Security protocols are put in place to protect business interests. But are these security protocols also hurting your business?
Having a good security infrastructure in place is absolutely necessary in today’s work environment, but a new Dell study shows that good security has a negative impact on employee productivity.
Even worse, it appears that employees don’t like the restrictions imposed by security protocols because too many of them are using workaround strategies to avoid them; this, said 70 percent of the respondents, is creating the greatest security risk.
I suspect a lot of these security workarounds are happening when employees are working remotely. According to the study, a whopping 92 percent said that the extra security often required for remote work creates a negative impact on productivity (I’m thinking things like using a VPN, but then, I know people who get annoyed using a security code to lock their phone).
I think this quote by Bill Evans, senior director of Product Marketing at Dell Software, in an eSecurity Planet article pretty well sums up the issue with workers and their love/hate relationship with security:
Sure, workers believe security is important, just so long as it doesn’t affect their day-to-day activity, then it’s a nuisance. It’s the age-old battle. Workers are all for security and doing the right thing, but that right thing is not more important to them than doing the right thing of getting their job done.
This study came out at the same time as a study by MeriTalk that revealed similar security protocol concerns within federal agencies, where insider threats are a very serious problem. According an eWeek article:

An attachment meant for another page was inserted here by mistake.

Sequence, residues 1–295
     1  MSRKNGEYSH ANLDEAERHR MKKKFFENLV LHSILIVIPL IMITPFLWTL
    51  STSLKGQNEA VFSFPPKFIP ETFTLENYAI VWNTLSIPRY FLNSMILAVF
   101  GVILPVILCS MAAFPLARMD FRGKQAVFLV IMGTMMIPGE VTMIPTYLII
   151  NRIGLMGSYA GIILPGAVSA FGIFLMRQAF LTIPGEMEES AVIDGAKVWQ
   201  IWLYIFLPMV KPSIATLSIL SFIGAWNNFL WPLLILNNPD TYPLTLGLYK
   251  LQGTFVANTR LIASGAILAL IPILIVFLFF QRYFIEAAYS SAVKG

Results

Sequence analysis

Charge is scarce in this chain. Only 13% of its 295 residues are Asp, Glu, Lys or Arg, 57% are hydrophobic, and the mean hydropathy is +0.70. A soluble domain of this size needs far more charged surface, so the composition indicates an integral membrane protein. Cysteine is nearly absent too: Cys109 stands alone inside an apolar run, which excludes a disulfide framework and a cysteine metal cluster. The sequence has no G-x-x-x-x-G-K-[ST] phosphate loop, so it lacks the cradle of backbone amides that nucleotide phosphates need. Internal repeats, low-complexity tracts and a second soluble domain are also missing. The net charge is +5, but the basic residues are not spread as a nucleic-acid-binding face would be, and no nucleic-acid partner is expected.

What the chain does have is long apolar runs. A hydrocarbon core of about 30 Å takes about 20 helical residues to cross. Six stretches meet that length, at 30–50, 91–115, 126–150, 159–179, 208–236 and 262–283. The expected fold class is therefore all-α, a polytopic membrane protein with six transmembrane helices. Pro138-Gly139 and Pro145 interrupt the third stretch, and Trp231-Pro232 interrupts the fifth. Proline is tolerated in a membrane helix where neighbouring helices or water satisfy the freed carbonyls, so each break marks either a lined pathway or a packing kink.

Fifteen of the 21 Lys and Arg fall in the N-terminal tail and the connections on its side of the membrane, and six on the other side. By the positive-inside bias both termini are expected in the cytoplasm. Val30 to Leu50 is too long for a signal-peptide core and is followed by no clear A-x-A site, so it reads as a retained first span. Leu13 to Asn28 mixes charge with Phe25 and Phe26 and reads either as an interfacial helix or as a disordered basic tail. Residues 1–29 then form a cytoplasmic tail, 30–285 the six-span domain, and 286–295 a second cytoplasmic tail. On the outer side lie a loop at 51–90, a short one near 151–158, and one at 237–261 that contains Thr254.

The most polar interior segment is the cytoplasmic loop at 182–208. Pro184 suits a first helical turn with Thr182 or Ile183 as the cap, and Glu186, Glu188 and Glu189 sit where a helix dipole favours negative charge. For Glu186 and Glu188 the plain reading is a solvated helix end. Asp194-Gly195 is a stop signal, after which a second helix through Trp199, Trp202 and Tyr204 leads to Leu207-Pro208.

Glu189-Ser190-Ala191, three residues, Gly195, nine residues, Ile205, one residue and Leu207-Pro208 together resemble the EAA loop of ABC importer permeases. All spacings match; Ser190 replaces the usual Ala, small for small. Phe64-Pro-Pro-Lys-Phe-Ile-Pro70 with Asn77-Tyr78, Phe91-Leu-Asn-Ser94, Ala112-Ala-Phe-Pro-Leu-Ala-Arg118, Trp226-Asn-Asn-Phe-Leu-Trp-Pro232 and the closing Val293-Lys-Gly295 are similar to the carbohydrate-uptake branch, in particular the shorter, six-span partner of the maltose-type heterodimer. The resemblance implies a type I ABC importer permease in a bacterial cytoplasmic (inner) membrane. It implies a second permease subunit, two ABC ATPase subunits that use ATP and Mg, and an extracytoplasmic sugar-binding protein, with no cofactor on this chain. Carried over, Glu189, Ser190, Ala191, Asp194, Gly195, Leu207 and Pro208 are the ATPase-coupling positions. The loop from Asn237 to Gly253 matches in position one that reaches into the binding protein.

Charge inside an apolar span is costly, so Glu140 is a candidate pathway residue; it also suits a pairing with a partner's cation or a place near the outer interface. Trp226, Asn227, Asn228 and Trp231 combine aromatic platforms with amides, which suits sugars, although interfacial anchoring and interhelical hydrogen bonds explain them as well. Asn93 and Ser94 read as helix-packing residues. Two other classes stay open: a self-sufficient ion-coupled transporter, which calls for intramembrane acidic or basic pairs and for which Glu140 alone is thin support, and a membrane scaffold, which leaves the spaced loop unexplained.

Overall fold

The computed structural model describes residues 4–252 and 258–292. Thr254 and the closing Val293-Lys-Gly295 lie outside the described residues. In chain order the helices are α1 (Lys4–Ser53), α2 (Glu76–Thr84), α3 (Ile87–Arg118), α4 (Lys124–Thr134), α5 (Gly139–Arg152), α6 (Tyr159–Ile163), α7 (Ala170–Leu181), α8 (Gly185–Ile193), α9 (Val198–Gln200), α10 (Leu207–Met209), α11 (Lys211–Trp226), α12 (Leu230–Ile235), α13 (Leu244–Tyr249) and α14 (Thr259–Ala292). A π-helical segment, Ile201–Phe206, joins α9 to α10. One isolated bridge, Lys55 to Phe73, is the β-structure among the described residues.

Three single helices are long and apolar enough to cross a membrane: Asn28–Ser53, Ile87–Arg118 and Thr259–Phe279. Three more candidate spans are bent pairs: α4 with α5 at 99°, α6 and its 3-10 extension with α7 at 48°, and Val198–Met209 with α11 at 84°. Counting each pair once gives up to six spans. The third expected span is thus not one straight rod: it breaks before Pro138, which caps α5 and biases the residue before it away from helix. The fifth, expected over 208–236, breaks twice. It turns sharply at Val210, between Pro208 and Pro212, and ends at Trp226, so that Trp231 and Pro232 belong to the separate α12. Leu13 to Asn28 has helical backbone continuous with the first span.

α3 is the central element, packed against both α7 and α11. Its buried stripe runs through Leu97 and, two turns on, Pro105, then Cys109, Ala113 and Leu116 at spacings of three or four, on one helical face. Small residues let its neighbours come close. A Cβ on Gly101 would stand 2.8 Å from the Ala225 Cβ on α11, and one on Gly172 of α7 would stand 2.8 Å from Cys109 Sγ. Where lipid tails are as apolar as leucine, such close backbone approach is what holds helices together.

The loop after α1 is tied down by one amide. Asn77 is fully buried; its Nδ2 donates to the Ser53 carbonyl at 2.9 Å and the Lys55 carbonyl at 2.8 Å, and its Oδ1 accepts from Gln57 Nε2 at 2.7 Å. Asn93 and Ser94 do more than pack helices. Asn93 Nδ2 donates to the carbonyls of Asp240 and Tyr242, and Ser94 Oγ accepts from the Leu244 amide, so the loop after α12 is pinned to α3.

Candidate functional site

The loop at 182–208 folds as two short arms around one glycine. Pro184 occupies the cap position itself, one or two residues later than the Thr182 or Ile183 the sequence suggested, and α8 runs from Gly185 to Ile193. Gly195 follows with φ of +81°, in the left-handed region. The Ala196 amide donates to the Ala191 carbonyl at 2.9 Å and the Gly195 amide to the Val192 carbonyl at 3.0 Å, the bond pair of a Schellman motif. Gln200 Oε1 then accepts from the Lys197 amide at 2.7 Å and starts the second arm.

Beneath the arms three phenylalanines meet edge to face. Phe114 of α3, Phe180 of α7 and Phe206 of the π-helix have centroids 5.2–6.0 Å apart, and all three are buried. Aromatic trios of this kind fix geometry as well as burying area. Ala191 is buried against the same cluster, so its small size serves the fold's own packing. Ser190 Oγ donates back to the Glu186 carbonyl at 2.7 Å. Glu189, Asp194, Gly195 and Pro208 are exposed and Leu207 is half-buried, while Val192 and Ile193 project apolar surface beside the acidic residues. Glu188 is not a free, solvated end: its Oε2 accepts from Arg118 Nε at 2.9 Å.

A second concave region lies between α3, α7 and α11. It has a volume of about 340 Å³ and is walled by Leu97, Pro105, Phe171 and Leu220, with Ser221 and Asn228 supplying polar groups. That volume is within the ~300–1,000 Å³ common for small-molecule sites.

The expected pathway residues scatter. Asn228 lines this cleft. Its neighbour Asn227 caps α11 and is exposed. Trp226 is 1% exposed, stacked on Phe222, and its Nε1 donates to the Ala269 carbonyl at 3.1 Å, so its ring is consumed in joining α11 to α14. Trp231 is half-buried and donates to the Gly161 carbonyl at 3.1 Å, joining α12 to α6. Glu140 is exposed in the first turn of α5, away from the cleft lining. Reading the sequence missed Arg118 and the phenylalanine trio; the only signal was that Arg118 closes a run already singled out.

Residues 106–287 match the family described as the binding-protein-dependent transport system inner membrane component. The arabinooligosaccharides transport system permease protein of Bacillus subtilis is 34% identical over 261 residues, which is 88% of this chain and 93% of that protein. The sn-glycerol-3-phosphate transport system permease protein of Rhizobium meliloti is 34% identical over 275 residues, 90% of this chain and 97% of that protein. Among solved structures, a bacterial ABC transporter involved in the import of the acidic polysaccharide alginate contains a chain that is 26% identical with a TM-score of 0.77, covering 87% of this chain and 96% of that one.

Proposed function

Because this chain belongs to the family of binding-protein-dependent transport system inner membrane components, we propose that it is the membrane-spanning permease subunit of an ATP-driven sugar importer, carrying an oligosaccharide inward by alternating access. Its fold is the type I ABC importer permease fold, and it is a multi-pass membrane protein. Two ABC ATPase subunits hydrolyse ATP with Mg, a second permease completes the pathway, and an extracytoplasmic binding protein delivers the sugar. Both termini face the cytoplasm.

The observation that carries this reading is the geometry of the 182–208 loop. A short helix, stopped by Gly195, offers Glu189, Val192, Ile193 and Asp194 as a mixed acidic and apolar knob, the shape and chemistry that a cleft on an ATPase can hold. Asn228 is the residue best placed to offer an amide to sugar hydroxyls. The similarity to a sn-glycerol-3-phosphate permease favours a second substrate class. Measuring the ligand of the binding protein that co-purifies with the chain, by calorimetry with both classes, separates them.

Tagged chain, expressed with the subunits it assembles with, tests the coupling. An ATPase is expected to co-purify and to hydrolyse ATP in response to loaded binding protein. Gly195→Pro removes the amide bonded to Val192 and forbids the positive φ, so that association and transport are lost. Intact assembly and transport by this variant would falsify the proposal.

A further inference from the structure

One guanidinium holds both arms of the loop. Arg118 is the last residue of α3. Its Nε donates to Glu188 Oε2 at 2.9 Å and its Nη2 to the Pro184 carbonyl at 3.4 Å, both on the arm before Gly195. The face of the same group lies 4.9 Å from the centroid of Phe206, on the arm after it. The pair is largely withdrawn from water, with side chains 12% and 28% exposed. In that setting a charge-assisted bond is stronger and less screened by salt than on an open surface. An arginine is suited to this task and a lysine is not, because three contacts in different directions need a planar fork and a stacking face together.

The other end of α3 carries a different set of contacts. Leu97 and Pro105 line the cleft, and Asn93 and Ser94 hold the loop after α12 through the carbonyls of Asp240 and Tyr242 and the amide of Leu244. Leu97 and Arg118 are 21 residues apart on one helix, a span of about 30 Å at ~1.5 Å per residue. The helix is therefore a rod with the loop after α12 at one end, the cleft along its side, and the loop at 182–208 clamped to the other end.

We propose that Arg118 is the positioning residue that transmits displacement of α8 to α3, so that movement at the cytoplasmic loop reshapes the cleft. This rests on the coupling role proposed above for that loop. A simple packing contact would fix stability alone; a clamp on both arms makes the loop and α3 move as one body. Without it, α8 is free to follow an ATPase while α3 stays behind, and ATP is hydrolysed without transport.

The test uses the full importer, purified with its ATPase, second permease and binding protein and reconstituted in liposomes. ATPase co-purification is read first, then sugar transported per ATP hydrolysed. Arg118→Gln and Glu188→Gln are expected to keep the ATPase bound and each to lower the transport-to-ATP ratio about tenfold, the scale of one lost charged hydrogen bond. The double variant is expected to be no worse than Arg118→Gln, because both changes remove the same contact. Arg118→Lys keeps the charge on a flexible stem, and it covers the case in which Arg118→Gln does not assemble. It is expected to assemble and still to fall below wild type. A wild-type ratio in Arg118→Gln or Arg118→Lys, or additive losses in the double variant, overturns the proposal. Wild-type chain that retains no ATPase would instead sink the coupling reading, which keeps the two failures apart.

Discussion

The survey found 51 percent of respondents say it is common for employees to not follow appropriate protocols, and 40 percent say unauthorized employees access government information they shouldn’t at least once weekly – putting their agencies at significant risk.
Clearly companies need to institute good security tools, but they are pointless if employees aren’t using them. So how do you get employees to work with you to use the security measures in place? One way is to improve education and training, making it more specialized so that each employee understands his or her role in keeping data safe.
IT is interested in transitioning to an approach that puts context surrounding each access request and adapts security requirements accordingly. . . . Without context, IT faces difficulty in quickly addressing changing security needs and an inability to analyze how/why restrictions are managed to improve worker productivity.
Or, in other words, it is all about making sure that employees still have some level of convenience when using their devices, while IT is able to make adjustments to security concerns in real time, addressing needs as they happen rather than using the one-size-fits-all methods. A great idea, but perhaps easier said than done. But by not making adjustments, employees will continue to go rogue and put the company at risk.
Sue Marquette Poremba has been writing about network security since 2008. In addition to her coverage of security issues for IT Business Edge, her security articles have been published at various sites such as Forbes, Midsize Insider and Tom's Guide. You can reach Sue via Twitter: @sueporemba